Thursday, December 26, 2013
In today's truck driving industry it has become a bit simpler to search for work, as you don't have to travel around and log a bunch miles on your personal vehicle to put in apps. Now-a-days, you can just hop onto the internet and within a few hours have a hundred or more truck lines to check out.
With my experience, I also got about ten to fifteen phone calls from recruiters, but that might not be the norm, I don't know.
At any rate, thought I would write about one of the pitfalls I have been able to spot as I have been going through this process.
As I wrote in "So, You Want To Be A Truck Driver" our industry is filled with dishonesty and that is especially true when searching for work. Remember a recruiters job is to fill driver seats, the bigger the company the more likely they are to waste your time since you are just a number to them. If you are experienced with three or more years of driving and have a clean MVR (Motor Vehicle Record) and a 0.0 CSA (Compliance, Safety, Accountability) score the recruiters will work harder at trying to sign you up for orientation.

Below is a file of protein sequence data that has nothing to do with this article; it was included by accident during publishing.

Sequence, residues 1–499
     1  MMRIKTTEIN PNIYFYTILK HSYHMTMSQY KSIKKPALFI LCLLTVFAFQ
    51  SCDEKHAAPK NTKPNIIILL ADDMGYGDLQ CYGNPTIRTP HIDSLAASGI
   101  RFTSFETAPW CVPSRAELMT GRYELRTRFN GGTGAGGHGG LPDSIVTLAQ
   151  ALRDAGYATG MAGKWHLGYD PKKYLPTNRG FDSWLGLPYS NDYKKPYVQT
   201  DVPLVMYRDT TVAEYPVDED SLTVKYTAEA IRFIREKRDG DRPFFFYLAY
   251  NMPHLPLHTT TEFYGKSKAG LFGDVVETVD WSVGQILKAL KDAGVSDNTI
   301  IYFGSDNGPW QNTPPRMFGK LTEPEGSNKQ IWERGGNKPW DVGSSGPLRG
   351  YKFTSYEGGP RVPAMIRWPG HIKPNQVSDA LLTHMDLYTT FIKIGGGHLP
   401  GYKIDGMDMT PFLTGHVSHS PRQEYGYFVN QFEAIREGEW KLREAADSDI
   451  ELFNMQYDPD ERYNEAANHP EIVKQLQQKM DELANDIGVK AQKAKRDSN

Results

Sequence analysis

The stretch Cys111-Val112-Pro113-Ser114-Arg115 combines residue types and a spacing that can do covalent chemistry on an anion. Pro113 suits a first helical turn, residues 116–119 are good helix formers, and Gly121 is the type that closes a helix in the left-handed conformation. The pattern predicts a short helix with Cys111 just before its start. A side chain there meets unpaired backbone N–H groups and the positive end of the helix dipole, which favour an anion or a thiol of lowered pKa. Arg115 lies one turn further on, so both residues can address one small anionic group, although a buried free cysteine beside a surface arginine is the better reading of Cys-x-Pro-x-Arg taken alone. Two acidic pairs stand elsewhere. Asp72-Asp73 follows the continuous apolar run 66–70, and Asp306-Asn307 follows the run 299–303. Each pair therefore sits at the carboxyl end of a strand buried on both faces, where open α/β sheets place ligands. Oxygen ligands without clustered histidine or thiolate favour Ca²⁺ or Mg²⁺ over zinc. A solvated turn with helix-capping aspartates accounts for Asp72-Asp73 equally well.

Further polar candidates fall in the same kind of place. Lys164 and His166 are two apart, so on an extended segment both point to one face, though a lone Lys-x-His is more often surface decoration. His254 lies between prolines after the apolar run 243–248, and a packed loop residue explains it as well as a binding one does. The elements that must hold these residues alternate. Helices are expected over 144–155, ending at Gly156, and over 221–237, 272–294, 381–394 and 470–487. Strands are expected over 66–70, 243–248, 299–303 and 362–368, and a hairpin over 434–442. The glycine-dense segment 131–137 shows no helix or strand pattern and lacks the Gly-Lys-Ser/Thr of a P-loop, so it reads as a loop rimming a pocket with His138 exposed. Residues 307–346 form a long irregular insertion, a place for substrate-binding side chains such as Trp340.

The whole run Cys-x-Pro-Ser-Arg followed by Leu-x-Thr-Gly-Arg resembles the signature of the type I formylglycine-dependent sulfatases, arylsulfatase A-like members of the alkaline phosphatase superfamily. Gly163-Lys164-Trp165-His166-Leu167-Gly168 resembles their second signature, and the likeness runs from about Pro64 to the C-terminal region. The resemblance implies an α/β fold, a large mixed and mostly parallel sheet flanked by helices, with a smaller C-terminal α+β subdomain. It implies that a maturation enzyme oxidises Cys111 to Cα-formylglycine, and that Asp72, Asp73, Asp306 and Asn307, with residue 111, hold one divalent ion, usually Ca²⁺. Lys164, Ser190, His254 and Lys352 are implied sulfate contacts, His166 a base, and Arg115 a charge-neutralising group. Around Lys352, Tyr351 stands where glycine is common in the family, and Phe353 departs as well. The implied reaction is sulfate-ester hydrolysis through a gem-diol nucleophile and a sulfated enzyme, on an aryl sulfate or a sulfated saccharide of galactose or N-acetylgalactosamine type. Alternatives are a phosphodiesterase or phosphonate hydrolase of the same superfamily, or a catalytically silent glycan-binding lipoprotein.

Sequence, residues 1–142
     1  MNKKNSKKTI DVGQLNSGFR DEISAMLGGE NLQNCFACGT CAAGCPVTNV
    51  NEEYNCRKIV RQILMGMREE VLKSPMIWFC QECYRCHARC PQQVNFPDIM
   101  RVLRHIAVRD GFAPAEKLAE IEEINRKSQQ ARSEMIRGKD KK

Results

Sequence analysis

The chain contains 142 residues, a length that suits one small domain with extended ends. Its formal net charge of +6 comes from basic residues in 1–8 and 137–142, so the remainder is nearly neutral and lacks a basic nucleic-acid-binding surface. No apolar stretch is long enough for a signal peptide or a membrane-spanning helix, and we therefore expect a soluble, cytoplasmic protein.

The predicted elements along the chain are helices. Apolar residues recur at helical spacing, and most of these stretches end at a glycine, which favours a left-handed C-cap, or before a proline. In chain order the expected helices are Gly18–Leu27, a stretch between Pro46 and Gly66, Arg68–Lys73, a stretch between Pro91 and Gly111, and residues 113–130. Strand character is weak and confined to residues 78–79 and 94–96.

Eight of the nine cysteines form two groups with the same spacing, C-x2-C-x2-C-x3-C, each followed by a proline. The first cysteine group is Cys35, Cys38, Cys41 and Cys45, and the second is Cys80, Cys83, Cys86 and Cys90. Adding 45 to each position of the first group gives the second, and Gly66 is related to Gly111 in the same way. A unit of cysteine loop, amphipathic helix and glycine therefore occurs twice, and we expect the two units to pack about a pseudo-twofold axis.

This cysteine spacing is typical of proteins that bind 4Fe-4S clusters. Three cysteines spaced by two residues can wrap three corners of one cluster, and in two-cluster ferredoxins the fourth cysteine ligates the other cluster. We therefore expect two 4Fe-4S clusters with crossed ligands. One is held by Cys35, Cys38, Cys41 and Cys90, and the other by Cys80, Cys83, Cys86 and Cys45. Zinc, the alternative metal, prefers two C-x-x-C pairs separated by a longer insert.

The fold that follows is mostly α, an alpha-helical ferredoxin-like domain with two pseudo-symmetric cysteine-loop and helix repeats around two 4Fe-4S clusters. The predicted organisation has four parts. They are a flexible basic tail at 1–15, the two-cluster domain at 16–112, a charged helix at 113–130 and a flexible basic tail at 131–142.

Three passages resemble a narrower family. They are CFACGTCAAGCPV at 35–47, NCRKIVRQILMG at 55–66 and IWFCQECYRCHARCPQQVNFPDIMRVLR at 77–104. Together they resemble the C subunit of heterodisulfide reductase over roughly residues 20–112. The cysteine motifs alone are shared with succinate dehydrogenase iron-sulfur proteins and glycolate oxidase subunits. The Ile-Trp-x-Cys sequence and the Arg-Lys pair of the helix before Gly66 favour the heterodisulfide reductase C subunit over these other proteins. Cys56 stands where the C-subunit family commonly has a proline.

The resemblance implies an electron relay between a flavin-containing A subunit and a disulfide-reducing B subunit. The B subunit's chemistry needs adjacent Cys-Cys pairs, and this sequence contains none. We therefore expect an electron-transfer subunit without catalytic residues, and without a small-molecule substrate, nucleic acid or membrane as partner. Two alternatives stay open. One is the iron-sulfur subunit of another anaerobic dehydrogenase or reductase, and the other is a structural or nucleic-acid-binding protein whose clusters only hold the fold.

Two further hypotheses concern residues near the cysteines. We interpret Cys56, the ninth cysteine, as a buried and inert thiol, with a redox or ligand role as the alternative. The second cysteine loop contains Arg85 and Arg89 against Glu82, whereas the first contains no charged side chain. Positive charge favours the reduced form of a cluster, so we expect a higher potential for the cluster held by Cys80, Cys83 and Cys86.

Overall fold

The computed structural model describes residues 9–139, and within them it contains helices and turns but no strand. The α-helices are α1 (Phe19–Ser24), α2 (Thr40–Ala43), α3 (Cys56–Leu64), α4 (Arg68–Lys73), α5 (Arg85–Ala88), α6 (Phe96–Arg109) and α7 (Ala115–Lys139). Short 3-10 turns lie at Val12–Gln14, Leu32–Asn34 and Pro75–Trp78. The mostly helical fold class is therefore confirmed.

One way I have tried to cut through all the nonsense has been to seek driver comments on any company that I am interested in. I have been able to find driver reviews at several web locations; Rip-off reports Indeed.com Glassdoor.com just to name a few. But, there are problems with relying on these reviews, especially if you only read the first one you come to. Often the first review you see is written by an angry disgruntled ex-employee who is not above lying about the company he/she just left, so read several, if they are all saying the similar things then stay away from that company.